The Gates by John Connolly
Genre: Fantasy Fiction, Horror
Series: #1 in the Samuel Johnson vs. The Devil series
Publisher: Atria Books
Publication Date: 2009
The Short Version:
When his neighbors unwittingly open a gateway to hell, 11 year old Samuel Johnson must save the world as we know it.
Why I Read It:
Several people whose recommendations I trust were talking about the newest book in this series and it sounded like it would be fun.
From the publisher:
Young Samuel Johnson and his dachshund, Boswell, are trying to show initiative by trick-or-treating a full three days before Halloween, which is how they come to witness strange goings-on at 666 Crowley Road. The Abernathys don’t mean any harm by their flirtation with the underworld, but when they unknowingly call forth Satan himself, they create a gap in the universe, a gap through which a pair of enormous gates is visible. The gates to Hell. And there are some pretty terrifying beings just itching to get out…. Can one small boy defeat evil? Can he harness the power of science, faith, and love to save the world as we know it?
I never expected to be giggling my way through a book about demonic hordes trying to destroy the world as we know it but I did. As for what the Large Hadron Collider has to do with it I’m not going to tell you because you just have to read this to find out for yourself.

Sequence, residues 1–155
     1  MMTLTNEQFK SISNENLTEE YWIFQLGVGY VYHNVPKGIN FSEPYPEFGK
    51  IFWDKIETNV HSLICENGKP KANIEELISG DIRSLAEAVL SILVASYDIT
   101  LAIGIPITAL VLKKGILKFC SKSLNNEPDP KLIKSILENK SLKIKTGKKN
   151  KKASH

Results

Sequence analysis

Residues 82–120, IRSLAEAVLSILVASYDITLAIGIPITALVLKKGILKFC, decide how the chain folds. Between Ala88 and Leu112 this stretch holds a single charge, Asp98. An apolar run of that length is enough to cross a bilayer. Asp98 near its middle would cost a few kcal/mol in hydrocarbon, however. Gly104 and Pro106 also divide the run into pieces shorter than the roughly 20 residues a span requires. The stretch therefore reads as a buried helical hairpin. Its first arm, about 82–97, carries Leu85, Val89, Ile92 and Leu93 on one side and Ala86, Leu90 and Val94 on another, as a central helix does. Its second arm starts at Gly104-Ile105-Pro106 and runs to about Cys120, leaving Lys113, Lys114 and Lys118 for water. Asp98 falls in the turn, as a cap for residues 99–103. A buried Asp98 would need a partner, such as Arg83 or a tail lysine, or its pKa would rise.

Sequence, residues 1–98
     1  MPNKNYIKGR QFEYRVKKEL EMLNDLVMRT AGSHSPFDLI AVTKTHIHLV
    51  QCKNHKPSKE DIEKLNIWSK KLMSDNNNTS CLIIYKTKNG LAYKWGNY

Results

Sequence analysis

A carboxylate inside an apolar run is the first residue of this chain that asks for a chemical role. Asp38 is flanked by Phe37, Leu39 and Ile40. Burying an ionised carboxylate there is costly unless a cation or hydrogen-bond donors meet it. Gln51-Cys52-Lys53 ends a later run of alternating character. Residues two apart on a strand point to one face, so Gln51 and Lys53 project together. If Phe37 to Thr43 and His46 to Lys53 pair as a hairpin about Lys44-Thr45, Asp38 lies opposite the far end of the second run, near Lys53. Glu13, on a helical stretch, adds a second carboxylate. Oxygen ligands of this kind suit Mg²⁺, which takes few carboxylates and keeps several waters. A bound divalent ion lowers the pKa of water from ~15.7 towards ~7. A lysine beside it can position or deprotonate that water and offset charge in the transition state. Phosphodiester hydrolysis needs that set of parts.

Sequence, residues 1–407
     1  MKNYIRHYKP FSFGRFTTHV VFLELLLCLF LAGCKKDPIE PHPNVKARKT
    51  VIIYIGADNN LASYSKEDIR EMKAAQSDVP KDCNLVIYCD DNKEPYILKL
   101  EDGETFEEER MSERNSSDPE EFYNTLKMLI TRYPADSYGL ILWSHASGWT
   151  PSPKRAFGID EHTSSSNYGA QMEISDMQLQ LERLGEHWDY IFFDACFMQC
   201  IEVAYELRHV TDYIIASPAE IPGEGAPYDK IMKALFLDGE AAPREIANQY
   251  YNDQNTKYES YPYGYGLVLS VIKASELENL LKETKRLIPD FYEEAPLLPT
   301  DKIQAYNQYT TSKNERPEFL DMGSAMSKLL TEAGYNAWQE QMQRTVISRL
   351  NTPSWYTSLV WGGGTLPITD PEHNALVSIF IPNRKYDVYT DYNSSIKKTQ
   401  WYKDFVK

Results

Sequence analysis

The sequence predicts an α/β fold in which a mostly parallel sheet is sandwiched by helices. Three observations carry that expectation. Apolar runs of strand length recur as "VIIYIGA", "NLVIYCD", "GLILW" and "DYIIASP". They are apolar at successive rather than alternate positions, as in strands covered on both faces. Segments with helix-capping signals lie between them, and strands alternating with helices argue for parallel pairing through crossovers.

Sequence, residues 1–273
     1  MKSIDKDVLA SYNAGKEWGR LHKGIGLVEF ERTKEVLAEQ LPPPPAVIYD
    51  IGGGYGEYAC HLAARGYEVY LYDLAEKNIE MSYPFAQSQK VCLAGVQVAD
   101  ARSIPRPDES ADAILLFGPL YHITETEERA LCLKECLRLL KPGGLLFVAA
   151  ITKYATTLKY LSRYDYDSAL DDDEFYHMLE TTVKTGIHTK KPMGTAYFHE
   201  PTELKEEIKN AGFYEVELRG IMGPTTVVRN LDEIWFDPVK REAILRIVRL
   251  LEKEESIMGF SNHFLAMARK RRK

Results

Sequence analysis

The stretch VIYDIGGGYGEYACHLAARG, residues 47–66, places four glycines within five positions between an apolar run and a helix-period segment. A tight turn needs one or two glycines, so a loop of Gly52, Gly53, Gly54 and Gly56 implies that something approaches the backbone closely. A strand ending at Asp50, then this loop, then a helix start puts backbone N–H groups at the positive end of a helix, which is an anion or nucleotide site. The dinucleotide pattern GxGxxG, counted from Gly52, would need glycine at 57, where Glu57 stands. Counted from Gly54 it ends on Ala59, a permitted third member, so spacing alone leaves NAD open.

Within the first couple of chapters I was reading passages to The Hubster and making plans to get this book back from the library when he is ready to start a new book because he has to read this.
Samuel is a wonderful character. He’s smart and brave. When he confides in his two best friends and they join up to help him they make a team I had fun rooting for.
I absolutely loved all the footnotes and scientific information and humor interjected throughout the book.
As you can see from his picture, Einstein didn’t take himself too seriously, at least not all of the time. In general, it’s a good idea to avoid people who take themselves too seriously. As individuals, we have only so much seriousness to go round, and people who take themselves very seriously don’t have enough seriousness left over to take other people seriously. Instead they tend to look down on them, and are secretly pleased when they get stuff wrong, because they just prove to the too-serious types that they were right to not to take them seriously to begin with.
This from a later chapter is a good rule for the workplace:
No good ever comes of someone sticking his head round his boss’s door, a worried expression on his face and a piece of paper in one hand that, if it could talk, would shout, very loudly, “Bad! This is bad! Run away now!”
In addition to the human characters there are a variety of demons and creatures from the underworld. I think my favorite character was a not so demonic demon named Nurd.
This is just fun and I want The Hubster to read it soon. I am truly looking forward to reading more of this series.